Exceptional Blog is a collaboration of blogs written by our amazing community. Please visit throughout the week to read posts for you by people who can relate with you. We have been fortunate enough to partner with a diverse group of people who may not all be professional writers but they all have fantastic stories to tell.

by Karen Warfle

No, I didn’t have a cold or laryngitis. I didn’t suffer a traumatic accident. I lost my ability to speak up for myself. After 20 years of advocating for my son, I found I didn’t know how to advocate for me. When my son graduated from homeschool and my daughter graduated from college – in the same weekend – I was ready to be a “retired” homeschool mom. I

by LisaMarie Bernardo

We all know that siblings can fight, argue and irritate each other. It can make for a very chaotic household environment. I find this even more challenging especially because my son struggles with a disability. I have tried for years to get my kids to get along but have yet to succeed. However, I have now realized that I can do something within myself to change my reaction to

by Amanda Buck

Motherhood is filled with cliché sayings. From the moment we reach a certain age and find ourselves in a steady long-term relationship, society suddenly decides that we have reached the mystical baby-making stage and immediately unhelpful hints, tips and “advice” come pouring in. All at once anyone and everyone, from our closest friends and family to the creepy neighbor down the street, have something to say. In the beginning

by Brandy Pavia

Imagine having a child, a beautiful, perfect-in-your-eyes, child. A child that may not hit all of their developmental milestones at the suggested, “age-appropriate” time, but still, your perfect child, nonetheless. You start to notice as time goes by that your perfect child has a different way of viewing and navigating the world than other kids their age, and you make it your mission to provide the

By Mary Ellen Bogucki

Often times you hear the terms high functioning, low functioning, mild, moderate or severe when people talk about the degrees of severity with Autism. We too, have heard these terms used when describing our daughter, Bree. Unfortunately, these terms can cause even more misunderstanding of the disorder, as people tend to form their own opinion of what they think the term

by: Colleen Berlingieri

My son Geordi has a speech disorder that is annoying, heartbreaking and funny at the same time. My patience wears thin when I listen to him s-l-o-w-l-y work through what he is trying to say.  Other times, my heart goes out to him as he struggles to express his feelings.  But mostly he simply cracks me up with some of the stuff that comes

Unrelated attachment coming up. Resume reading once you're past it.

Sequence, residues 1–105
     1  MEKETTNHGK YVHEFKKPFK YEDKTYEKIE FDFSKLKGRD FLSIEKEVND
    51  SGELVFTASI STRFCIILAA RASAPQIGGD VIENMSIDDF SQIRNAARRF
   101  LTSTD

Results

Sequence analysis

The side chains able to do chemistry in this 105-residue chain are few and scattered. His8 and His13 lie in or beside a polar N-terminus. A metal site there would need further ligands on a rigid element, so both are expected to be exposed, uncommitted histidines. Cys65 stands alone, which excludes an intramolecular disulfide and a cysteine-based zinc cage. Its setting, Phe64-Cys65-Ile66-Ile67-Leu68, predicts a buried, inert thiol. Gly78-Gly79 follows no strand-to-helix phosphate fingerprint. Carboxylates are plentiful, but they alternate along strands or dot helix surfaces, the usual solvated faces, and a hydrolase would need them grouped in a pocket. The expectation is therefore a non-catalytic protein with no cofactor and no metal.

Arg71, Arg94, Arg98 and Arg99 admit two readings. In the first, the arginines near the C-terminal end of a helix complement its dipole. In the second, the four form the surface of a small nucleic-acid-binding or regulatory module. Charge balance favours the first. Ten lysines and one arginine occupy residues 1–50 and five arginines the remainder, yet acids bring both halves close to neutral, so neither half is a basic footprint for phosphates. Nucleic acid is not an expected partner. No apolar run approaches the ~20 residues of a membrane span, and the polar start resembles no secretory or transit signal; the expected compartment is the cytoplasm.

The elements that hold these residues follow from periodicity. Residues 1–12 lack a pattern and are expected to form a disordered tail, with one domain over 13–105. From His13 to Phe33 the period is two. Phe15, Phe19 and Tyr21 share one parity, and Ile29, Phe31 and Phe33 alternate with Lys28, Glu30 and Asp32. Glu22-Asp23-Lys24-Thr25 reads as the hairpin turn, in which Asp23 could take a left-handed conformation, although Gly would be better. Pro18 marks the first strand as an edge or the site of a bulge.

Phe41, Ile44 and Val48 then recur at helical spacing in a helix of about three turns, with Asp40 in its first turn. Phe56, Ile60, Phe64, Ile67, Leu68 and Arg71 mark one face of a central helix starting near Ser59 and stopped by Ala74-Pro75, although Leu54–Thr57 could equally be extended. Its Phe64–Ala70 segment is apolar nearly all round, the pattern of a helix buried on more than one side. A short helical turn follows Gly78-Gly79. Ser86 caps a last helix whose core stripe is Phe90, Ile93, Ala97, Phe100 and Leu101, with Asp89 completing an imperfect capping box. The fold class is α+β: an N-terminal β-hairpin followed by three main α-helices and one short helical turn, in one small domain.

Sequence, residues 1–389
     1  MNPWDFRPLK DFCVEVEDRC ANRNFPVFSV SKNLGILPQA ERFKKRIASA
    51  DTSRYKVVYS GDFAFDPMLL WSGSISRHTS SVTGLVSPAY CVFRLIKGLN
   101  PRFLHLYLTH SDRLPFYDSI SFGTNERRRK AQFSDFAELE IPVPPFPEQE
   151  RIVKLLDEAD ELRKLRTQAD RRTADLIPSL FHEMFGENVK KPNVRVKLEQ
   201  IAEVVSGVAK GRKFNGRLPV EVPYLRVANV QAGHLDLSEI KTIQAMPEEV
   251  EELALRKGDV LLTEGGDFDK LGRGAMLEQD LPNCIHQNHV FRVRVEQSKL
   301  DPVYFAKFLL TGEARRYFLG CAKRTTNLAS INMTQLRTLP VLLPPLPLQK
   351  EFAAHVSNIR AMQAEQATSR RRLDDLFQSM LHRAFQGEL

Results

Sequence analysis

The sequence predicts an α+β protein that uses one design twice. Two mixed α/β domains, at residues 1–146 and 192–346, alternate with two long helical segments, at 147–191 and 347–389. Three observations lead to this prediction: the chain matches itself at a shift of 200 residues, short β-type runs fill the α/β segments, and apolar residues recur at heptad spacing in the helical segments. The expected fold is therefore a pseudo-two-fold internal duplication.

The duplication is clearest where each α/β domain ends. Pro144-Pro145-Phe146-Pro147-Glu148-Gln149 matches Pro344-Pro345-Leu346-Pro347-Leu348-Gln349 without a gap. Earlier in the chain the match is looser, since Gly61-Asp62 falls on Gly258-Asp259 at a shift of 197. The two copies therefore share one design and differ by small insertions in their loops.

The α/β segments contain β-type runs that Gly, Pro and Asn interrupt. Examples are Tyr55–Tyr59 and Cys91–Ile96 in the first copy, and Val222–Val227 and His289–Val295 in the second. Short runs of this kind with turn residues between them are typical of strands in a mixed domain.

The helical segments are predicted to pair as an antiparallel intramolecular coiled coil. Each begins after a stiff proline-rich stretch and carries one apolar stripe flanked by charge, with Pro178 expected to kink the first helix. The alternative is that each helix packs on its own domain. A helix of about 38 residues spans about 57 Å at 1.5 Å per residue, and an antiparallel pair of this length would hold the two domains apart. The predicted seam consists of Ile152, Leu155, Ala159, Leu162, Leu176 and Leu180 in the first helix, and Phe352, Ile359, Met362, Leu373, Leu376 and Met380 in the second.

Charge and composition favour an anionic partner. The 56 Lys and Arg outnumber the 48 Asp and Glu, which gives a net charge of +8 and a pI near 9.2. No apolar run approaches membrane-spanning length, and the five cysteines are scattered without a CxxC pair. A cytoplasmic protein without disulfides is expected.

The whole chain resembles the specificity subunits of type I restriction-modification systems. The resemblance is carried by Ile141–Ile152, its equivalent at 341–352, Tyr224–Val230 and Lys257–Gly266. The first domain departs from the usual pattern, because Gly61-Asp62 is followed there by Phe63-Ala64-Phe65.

by Amanda Buck

When someone learns for the first time that my 4-year-old daughter has a rare disease called cystinosis, their face will usually morph from happy and pleasant into one of concern and pity. While I appreciate their compassion and willingness to express their condolences, sometimes I find myself annoyed by their reaction. Particularly when they don’t know just how amazing she is. My little girl is full of spunk,

by Tulika Prasad

I stood in the middle of my son’s classroom , watching all his classmates confident and excited, dressed as their favorite people from history. There were scientists, Presidents, Baseball players, Civil rights activists and many more. They waited at their seats until one of the parents “activated” them for them to start their speech. I then looked at my son – sitting in the farthest corner of the room,

by Jim Turk

Remember in the Empire Strikes Back when Luke decides to use his harpoon to tie up the legs of those evil walking robot things to slow them down? He didn’t “defeat” them but he DID save the rebel force. It was a real breakthrough. …And the other day I had one of my own. Now, I’m no Jedi Master (even though I sometimes think of myself as one –

by Lynne Pearson

When Leila was four years old she must have decided that one younger brother simply was not enough and so she confidently asked me to provide her with a set of twin siblings, a boy and a girl. I smiled at my young daughter in the knowledge that Nick and I were hoping to have a third child and said,  “I’ll see what I can do.”. A few